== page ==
# How do I integrate an unknown function of a variable e.g. $a(t)$?

How would I integrate equations of the following form:

$$\frac{d a(t)}{dt}=ka(t)$$

where $$k$$ is constant.

I have the feeling that this is quite simple, but I seem to be stuck.

My initial thought was that I could do:

$$a(t) da(t) = k dt \iff \frac{a^2(t)}{2} = kt + c$$

But for some reason I don't think this is right. Should I instead do integration by parts as done in Integrating an unknown function?

• $\frac{da(t)}{a(t)}=k\,dt$ could be better – Claude Leibovici Jun 25 '20 at 10:27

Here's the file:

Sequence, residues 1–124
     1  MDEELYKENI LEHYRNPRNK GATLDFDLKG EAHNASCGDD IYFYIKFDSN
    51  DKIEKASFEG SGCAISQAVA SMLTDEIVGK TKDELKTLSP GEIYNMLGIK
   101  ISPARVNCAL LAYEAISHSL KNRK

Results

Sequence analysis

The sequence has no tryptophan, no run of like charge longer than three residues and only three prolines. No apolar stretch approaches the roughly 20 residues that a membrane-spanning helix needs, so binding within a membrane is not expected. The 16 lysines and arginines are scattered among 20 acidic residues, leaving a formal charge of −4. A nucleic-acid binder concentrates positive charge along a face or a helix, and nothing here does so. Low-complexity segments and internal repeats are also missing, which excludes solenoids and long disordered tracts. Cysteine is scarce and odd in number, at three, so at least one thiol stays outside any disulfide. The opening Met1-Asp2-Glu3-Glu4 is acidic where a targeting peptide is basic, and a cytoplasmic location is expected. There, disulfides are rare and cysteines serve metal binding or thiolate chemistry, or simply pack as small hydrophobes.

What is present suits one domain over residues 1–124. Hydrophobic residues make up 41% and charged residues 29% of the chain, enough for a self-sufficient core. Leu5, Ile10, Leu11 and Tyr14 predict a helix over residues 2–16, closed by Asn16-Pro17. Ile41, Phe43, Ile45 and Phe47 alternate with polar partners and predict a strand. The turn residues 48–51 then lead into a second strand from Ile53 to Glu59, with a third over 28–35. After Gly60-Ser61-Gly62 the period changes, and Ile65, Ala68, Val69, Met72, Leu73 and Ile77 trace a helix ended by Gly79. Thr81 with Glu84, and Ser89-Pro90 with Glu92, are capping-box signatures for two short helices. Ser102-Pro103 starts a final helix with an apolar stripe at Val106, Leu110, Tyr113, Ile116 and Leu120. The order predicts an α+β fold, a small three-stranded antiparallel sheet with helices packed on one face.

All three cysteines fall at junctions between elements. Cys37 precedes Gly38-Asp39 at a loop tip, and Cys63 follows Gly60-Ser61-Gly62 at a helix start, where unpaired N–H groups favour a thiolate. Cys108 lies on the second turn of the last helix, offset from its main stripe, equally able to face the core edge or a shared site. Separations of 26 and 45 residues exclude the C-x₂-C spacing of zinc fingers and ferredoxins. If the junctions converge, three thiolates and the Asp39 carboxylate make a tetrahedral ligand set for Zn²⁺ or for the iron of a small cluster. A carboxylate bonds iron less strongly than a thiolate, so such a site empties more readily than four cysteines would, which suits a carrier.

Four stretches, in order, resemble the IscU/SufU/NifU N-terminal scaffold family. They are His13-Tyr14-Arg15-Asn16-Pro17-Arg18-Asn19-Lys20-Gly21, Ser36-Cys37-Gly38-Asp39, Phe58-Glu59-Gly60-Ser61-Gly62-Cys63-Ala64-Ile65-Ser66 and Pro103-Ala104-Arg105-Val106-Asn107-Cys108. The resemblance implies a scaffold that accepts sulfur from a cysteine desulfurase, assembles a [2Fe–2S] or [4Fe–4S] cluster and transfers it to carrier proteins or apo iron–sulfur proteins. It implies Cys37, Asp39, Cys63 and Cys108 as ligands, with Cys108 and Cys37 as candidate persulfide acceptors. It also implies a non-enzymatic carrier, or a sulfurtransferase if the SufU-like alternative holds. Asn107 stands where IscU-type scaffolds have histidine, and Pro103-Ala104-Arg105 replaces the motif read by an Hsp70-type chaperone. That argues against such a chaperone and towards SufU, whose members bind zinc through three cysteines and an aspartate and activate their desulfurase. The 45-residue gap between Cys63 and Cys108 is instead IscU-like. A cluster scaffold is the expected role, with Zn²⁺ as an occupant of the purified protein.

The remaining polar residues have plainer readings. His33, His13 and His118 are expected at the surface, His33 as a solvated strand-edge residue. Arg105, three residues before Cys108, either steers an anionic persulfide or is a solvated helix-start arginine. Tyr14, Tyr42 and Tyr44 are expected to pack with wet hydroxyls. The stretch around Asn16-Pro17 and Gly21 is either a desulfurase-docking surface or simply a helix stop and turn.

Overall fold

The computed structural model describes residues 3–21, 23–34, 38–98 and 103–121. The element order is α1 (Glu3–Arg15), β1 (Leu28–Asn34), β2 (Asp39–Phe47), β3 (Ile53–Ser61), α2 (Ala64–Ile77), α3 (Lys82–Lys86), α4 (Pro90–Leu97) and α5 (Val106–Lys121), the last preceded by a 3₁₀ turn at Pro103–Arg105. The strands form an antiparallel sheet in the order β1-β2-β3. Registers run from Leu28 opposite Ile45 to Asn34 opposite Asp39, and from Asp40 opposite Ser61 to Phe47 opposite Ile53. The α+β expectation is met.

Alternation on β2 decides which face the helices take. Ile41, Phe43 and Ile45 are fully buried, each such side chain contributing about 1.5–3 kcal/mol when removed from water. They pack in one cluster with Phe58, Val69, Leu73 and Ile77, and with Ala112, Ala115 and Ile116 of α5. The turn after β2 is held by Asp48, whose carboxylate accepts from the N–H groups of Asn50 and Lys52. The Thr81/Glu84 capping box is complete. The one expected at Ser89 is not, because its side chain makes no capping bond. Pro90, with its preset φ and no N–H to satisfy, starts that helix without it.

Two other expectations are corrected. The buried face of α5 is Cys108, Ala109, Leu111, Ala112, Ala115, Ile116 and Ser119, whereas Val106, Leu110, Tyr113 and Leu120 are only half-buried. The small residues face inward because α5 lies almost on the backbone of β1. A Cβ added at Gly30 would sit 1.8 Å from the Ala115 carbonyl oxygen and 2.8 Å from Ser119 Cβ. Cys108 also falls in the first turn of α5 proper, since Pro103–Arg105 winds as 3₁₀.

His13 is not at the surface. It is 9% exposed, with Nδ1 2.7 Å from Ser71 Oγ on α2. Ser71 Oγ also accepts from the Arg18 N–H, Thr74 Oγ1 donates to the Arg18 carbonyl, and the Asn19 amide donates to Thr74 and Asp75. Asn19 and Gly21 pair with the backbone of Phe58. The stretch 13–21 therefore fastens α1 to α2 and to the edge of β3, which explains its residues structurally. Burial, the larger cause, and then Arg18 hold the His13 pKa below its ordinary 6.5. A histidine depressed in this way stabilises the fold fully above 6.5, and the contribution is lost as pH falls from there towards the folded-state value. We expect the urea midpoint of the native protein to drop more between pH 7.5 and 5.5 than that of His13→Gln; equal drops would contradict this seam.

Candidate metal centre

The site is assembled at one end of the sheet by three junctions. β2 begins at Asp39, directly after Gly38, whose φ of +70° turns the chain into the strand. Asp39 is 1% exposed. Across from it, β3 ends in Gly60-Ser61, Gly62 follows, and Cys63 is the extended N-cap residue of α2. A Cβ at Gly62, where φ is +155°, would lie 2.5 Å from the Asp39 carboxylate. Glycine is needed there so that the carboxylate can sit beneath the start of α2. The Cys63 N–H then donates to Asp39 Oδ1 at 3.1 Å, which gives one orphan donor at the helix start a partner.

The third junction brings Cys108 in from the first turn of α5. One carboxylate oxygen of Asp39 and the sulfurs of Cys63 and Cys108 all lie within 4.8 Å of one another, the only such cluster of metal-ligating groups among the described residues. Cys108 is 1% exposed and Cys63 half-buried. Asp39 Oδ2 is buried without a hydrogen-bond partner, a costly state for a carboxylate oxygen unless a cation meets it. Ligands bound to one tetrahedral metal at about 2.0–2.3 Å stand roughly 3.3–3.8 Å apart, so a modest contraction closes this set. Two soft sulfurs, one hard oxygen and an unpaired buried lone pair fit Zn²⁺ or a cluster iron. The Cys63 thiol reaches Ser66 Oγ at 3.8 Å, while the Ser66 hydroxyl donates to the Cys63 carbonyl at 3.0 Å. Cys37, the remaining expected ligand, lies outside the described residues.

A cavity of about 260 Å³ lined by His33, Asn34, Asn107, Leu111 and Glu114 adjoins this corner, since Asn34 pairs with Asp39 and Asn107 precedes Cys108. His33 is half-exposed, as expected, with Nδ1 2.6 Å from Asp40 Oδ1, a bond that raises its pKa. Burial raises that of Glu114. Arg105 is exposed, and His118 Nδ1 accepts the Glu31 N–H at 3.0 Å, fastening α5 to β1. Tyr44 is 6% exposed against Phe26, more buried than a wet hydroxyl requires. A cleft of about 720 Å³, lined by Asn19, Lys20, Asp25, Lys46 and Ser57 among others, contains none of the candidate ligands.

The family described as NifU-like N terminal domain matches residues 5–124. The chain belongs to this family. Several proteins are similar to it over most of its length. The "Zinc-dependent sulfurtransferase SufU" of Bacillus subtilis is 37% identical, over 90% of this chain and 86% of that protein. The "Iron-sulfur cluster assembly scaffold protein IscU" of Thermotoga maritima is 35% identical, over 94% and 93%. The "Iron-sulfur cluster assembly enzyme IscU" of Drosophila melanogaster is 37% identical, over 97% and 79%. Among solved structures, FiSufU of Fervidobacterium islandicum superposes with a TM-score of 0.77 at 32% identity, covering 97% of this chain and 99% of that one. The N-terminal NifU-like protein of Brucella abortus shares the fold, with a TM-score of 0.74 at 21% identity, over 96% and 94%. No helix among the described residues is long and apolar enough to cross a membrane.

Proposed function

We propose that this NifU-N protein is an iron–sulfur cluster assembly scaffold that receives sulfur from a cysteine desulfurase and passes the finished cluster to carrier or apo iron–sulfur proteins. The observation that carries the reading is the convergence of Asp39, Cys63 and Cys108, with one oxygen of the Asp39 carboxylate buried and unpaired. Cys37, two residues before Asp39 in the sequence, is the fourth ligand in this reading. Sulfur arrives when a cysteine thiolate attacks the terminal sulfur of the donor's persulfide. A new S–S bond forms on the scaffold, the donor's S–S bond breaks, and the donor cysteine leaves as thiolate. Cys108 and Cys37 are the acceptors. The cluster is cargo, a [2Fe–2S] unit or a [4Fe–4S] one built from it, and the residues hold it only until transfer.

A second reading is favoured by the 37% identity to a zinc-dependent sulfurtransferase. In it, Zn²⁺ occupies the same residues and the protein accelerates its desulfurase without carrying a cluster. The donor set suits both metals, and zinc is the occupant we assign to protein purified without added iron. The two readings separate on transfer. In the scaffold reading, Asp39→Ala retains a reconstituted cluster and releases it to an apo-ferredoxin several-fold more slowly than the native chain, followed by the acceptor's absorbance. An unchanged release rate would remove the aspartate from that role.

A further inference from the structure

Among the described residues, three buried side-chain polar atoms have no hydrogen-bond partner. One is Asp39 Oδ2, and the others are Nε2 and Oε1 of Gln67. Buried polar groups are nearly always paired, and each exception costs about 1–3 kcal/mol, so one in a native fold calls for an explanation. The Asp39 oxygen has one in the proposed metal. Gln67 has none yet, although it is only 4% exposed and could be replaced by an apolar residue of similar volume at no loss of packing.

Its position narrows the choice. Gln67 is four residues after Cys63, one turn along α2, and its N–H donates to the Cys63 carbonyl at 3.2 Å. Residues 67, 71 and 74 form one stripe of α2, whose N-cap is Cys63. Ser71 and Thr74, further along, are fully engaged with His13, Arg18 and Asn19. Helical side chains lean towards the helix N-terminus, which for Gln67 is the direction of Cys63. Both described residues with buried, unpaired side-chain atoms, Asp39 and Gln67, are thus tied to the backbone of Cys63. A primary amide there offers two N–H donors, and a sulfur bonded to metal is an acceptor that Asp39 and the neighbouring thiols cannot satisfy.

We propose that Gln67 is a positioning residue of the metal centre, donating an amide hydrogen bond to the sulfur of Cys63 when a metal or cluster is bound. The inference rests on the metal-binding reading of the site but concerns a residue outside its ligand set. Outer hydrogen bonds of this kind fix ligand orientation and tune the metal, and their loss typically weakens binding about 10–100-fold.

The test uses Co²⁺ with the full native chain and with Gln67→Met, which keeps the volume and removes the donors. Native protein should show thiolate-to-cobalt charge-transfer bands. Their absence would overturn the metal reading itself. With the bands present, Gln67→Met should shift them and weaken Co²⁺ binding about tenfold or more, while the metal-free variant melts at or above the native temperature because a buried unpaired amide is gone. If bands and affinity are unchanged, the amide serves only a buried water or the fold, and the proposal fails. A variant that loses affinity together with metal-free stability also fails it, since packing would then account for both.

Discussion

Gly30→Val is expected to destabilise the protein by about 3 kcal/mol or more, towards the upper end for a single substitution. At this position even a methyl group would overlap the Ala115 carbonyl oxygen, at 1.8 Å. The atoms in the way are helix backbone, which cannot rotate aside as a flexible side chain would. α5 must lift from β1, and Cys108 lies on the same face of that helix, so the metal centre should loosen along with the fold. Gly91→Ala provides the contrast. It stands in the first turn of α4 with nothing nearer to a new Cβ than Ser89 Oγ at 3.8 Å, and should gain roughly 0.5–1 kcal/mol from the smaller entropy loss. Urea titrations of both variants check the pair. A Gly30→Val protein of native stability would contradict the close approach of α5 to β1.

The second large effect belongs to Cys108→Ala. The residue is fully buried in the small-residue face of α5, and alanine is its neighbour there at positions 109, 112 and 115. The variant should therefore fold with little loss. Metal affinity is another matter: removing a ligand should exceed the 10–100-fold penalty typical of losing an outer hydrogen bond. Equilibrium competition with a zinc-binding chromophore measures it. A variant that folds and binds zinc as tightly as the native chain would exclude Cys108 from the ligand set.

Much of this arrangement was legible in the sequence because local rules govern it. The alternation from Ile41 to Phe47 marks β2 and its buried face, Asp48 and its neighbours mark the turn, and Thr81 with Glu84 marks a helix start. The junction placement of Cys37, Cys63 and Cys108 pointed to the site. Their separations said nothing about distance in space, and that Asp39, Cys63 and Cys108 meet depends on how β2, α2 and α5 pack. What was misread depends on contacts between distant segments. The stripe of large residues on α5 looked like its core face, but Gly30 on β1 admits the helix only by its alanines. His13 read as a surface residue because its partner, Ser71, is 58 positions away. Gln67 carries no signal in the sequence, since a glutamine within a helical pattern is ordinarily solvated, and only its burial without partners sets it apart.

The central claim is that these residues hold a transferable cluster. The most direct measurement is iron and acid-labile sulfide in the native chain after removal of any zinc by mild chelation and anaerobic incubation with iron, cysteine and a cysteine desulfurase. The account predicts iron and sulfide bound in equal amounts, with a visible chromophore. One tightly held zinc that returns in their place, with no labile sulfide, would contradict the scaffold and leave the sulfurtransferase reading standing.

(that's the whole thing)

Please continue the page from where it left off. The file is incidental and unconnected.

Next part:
This is quite an infamous differential equation, one of the basic ones you learn in calculus courses. Use separation of variables. $$\frac{a(t)}{dt} = ka(t) \implies \frac{da(t)}{a(t)}= kdt \implies \int \frac{da(t)}{a(t)}=\int k dt$$ and so on.
The general solution to this ODE is $$a(t) = Be^{kt}$$, $$B \in \Bbb{R}$$. Note that you made an algebraic error. On the LHS, it should be $$\dfrac{da}{a}$$, so upon integration you should get $$\ln|a| = kt +c$$.